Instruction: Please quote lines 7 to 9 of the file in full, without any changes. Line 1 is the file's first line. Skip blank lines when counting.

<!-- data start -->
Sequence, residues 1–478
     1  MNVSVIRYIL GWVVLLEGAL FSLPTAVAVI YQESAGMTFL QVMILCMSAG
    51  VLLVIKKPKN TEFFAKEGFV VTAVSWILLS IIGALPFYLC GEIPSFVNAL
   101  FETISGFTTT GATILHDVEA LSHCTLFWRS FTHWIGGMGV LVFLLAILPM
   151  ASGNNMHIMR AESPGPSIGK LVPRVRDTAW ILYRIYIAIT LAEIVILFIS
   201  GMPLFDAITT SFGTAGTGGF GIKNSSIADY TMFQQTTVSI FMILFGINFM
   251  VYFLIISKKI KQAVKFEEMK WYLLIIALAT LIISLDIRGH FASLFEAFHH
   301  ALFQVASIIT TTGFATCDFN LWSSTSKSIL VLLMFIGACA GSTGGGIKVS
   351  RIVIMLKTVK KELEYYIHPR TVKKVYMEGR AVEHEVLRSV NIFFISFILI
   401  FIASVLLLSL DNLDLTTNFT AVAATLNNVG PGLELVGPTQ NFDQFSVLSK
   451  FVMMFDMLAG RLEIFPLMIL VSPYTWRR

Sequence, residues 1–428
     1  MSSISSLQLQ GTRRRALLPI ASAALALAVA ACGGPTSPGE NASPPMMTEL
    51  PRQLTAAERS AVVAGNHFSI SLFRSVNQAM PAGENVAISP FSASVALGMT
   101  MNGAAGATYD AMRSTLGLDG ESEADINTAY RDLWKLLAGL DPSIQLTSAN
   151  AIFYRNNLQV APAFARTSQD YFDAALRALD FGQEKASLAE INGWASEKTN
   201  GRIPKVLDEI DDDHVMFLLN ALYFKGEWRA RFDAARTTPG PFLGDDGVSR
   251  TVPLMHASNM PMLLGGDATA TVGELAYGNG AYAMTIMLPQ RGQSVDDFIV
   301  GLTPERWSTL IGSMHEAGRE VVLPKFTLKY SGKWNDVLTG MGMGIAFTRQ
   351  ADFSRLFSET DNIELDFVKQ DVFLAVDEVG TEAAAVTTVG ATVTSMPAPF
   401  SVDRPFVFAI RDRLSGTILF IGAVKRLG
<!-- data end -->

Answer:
   251  VYFLIISKKI KQAVKFEEMK WYLLIIALAT LIISLDIRGH FASLFEAFHH
   301  ALFQVASIIT TTGFATCDFN LWSSTSKSIL VLLMFIGACA GSTGGGIKVS
   351  RIVIMLKTVK KELEYYIHPR TVKKVYMEGR AVEHEVLRSV NIFFISFILI